Getting your horse fit for competing in style!

So January is over and done with, resolutions have been made and broken and now the time limit is real. If you need to get your horse fit and ready for the competition season ahead then now is the time to knuckle down and start the hard work.

If your horse has had complete down time over the festive period and start of the New Year then you need to be very thorough about your fitness plan. You also need to focus on what you are aiming for. If they have been in continued light work then it will be a shorter plan. Don’t forget though, consistency and planning ahead are all important. Ultimately if you want to be able to have a fit, healthy horse that comes into work injury free then you need to plan ahead and put the time in.

Getting out in the cold wet weather is no walk in the park. Keeping yourself warm and dry whilst you start on your horses fitness is just as important. The Tattini Ginestra breeches are ideal for getting back on board as they are lightweight and with moisture wicking technology they help to keep you comfortable.

Any fitness programme must be tailored to your horse; its age, breed, amount of work/rest prior to starting etc. Initially at least six to eight weeks is needed to start an unfit horse. Whether for jumping, eventing or dressage the basic principles can be the same and can produce a well rounded, well schooled fit and sound horse at the end of the programme.

Below is a possible fitness plan that can be used

This is a week by week guide. Remember each horse is different and you may have to adapt for your specific horses requirements.

Week One

Walk work, out hacking preferably on the roads, building up from half and hour to one hour each day by the end of the week. Purposeful walking, in a relaxed but correct balanced outline. This is vital and assists with strengthening tendons and ligaments crucial to long term soundness, as well as the muscles over the back and hindquarters.

Week Two

Introduce some trot work, including uphill bursts to take pressure off the front legs and to help increase hind quarter activity as well as cardio benefits. Short bursts of trot – not continuous especially when out on the roads.

Week Three

Introduce some schooling exercises alongside your road work and hacking but nothing too strenuous. Walk and trot work with some transitions as well as work with large circles in the arena.

Week Four

Canter work can be introduced, again build up time and frequency as the week progresses. Canter work out hacking and also in the school on large circles. Lunge work can be added if desired for variation.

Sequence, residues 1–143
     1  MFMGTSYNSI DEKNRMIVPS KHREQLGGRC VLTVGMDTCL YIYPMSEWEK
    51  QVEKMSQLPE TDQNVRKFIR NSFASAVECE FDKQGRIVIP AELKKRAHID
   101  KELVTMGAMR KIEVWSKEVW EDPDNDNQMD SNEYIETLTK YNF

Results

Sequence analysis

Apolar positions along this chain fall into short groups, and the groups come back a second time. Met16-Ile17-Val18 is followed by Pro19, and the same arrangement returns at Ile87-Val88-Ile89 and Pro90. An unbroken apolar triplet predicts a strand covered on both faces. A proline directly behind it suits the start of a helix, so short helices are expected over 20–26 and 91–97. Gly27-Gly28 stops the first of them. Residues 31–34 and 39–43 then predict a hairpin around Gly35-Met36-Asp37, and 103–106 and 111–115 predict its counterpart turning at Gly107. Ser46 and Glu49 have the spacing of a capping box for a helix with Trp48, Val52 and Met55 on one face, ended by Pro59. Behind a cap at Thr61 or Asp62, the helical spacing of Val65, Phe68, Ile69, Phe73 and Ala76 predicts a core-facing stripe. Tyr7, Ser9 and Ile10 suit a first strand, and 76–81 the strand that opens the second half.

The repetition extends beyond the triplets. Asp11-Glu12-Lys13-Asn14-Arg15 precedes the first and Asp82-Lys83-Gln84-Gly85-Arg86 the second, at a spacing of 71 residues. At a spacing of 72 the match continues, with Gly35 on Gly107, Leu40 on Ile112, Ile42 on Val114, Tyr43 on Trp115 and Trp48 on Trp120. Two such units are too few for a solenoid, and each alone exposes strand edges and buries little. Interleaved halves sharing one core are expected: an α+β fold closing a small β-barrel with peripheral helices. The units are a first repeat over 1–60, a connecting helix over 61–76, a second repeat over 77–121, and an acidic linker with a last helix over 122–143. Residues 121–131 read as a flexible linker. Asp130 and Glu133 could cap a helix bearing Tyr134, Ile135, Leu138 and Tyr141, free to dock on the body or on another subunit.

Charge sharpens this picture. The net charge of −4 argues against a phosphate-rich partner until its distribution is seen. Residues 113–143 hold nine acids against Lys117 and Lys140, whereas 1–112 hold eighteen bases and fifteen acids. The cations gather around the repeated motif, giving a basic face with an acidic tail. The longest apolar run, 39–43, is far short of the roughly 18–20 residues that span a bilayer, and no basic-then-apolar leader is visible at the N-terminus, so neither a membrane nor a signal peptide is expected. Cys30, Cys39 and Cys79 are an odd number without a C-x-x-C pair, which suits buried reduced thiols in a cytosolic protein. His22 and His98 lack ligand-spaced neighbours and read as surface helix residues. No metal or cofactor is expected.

Week Five

Schooling exercises can become more varied; circles, serpentine’s, transitions within the pace etc. Further hill work out hacking and increased trot activity, although still short bursts the frequency can be more regular.

Week Six

Whilst working in the school introduce pole work and on the flat some lateral work exercises. Build on the canter work. Hacking to continue.

Week Seven

Pole work can extend to jumping some small fences and grids. Hacking to continue. Schooling on the flat with exercises such as shoulder in and counter canter to improve muscle tone and aerobic fitness as well as for discipline.

Week Eight

Continue with your hacking and schooling and look to introduce some faster work e.g strong canter or gallop. Introduce competitions now and then build from here on in depending on your competition schedule.

Keeping yourself warm whilst you ride out is just as important and Selwood Equine’s range of jackets means you can choose from a large selection of styles, sizes and fits. The Prado is great for cold windy days with its light nylon padding and insulating duck down to keep you warm. It’s high neck design helps to keep the wind out too! If you are looking for a waterproof lightweight then check out the Tattini 100% waterproof in either navy or sky blue. High performance hi tech stretch fabric for a close comfortable fit as well as being 100% waterproof! Or maybe try the Tattini Hi-Tech Super comfort jacket, a stylish fitted jacket that is both lightweight and breathable.

Obviously there are variations on this fitness model but one of the main factors in getting a horse fit is consistency. You have to work at maintaining a fitness programme that is progressive and responsive to the horse itself. Sensible planning means avoiding injury and getting to your end goal successfully. There are many other factors to consider along side the fitness plan such as progressive increase of feed in relation to work load, equipment and saddlery checks as the horse changes shape, shoeing in response to work type, load and road work to mention but a few.

Here at Selwood we hope our blog today has been helpful for any of you riders out there getting abck on your horse after their winter holiday! Keep following us for our weekly blog and product updates – FB, Twitter, Google+ and on the website.

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